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Maumee Probate Litigation Blog

Not just anyone can challenge a will

Challenging a will is necessary when you have a valid reason to believe that the will isn't correct. A previous blog post discussed some of the reasons why a person might challenge a will. On top of having a valid reason, you must have a status that allows you to challenge.

There are a few different points that you must consider when you are determining if you can challenge a will.

The probate process without a will

While most people understand the importance of creating an estate plan, not everyone goes through this process. For this reason, it's possible that people could pass on before they create wills.

When a person passes on without a will (intestate), property is distributed based on the state's intestate succession laws.

Determining lack of capacity when disputing a will

When there is a dispute over a person's will, one of the questions may be if he or she had the capacity to make decisions or changes to that document. It's not always easy to challenge a will, but if a person can prove that a lack of capacity played a role in a person's decision making before death, then he or she could have a solid case in court.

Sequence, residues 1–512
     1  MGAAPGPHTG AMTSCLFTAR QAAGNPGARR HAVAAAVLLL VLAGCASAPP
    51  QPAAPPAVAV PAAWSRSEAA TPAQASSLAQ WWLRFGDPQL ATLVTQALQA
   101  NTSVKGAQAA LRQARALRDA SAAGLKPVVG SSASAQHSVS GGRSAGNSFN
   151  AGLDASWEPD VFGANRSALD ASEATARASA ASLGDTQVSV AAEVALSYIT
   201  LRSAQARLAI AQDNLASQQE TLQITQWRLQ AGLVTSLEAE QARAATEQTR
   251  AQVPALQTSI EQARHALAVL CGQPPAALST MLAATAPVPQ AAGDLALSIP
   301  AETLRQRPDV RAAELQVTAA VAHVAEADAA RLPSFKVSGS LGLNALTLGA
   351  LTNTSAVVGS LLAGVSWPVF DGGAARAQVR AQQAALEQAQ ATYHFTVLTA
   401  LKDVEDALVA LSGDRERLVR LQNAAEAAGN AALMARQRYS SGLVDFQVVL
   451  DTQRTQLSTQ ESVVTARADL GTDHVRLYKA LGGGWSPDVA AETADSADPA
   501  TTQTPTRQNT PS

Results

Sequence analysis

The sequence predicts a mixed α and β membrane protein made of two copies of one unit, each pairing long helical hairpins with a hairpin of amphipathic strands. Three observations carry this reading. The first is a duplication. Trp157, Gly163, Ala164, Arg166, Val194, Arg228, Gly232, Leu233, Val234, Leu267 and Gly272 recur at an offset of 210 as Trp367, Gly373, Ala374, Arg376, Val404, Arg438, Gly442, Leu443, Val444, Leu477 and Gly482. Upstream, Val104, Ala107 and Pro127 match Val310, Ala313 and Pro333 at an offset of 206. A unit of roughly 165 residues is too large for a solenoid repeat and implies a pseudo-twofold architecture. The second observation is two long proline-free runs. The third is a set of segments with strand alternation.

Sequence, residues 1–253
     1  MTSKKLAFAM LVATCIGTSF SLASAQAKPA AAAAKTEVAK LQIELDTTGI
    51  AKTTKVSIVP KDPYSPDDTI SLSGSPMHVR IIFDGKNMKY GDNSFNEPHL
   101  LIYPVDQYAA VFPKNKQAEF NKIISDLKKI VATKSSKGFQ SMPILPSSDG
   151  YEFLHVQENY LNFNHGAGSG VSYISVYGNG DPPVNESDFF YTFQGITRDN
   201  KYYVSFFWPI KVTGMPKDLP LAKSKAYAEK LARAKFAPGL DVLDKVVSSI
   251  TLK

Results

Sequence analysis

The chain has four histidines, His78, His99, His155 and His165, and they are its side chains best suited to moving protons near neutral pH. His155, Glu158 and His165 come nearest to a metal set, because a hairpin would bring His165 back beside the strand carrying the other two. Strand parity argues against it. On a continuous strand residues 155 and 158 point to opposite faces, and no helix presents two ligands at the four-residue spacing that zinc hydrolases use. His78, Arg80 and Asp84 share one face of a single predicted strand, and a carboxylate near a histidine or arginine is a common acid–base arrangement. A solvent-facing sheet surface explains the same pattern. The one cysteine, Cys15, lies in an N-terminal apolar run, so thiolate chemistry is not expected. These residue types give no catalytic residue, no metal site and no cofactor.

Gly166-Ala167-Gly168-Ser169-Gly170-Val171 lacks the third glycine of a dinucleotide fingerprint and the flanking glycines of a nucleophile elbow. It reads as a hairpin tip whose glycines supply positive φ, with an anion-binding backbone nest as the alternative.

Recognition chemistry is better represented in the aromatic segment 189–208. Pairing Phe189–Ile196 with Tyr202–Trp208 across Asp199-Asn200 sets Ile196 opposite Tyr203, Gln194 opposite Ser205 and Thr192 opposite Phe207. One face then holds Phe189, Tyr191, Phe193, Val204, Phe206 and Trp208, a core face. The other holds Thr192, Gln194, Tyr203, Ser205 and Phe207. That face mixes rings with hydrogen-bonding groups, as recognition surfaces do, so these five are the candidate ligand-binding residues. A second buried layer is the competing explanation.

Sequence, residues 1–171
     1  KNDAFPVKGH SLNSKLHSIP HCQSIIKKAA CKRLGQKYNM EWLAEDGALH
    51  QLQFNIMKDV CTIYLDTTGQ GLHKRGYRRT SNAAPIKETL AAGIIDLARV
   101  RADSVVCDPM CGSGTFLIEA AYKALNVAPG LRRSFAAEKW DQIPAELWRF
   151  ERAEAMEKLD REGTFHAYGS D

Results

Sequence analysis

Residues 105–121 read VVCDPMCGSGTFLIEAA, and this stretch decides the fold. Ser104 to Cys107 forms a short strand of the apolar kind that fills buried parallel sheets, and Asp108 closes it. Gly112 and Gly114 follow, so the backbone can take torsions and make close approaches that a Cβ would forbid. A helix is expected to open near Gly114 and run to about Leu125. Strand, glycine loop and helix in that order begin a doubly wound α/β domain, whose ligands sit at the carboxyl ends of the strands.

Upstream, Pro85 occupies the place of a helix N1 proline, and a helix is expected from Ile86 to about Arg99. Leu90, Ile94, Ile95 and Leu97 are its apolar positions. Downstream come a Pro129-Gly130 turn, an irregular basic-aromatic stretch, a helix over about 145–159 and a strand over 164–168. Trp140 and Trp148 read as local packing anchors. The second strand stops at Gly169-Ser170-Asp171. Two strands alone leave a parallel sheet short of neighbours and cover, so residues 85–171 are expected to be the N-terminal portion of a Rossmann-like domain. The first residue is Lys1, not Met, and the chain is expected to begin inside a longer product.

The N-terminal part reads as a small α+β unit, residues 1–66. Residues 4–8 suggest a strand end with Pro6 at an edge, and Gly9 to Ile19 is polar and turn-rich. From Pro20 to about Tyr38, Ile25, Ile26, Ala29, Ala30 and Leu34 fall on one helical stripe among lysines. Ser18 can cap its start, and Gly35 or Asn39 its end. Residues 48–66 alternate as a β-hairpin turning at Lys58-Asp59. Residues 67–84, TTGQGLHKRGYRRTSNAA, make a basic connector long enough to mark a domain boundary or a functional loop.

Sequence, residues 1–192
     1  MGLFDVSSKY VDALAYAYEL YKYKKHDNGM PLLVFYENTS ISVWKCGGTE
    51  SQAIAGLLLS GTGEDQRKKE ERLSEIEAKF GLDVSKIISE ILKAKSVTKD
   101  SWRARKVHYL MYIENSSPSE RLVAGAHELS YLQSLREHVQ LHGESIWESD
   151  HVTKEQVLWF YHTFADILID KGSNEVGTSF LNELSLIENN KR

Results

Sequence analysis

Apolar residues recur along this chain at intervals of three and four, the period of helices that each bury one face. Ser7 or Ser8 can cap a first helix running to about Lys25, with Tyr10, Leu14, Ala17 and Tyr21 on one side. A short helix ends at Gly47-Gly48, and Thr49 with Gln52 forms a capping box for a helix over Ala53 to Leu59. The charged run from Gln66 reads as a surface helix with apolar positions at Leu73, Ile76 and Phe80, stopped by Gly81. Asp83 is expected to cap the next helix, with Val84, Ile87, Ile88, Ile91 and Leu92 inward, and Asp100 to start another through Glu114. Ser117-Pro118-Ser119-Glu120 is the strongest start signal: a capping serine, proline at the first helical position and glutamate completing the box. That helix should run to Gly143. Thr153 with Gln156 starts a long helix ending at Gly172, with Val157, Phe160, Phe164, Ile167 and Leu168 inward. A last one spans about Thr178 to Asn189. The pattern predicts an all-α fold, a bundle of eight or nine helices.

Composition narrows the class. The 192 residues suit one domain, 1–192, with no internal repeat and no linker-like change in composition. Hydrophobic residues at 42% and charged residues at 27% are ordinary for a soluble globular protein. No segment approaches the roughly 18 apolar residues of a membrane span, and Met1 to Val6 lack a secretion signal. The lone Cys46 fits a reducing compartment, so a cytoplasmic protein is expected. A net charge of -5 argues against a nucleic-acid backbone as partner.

When determining if a loved one lacked capacity, it's vital to look into medical records. Typically, functional assessments look into a patient's needs along with his or her physical and mental health. As people age, it's common to see them struggle with Alzheimer's disease or other forms of dementia.

Top reasons to challenge a will

Typically, all but one percent of wills go through the probate process without a problem. This is because courts generally take the stance that a will is in the decedent's voice and conveys his or her final wishes. And, since that individual can no longer speak about those wishes, Ohio courts will usually stand by the document. This can make challenging a will very difficult.

If you plan to challenge a loved one's will, for instance your father's, then certain grounds must exist. In other words, you must have a valid reason to bringing forth a challenge. To find out some of the most common reasons for challenging a will, read further.

Undue influence: Don't let it cost you an inheritance

For as long as you can remember, your father always told you that you'd inherit the estate. You're an only child, and you have been there for him during his time in need.

When your father passed away, you prepared to take over the estate and to take care of business. You were shocked, and rightly so, when you discovered you hadn't inherited anything. Instead, your father had willed away the estate to someone who cared for him in the nursing home. You suspect that something isn't right, and you may be correct. Undue influence on a person can result in changes to wills or trusts, and it can make it hard for you to inherit what is rightfully yours. Fortunately, you can contest the will if you believe that your father was influenced to change it prior to his death.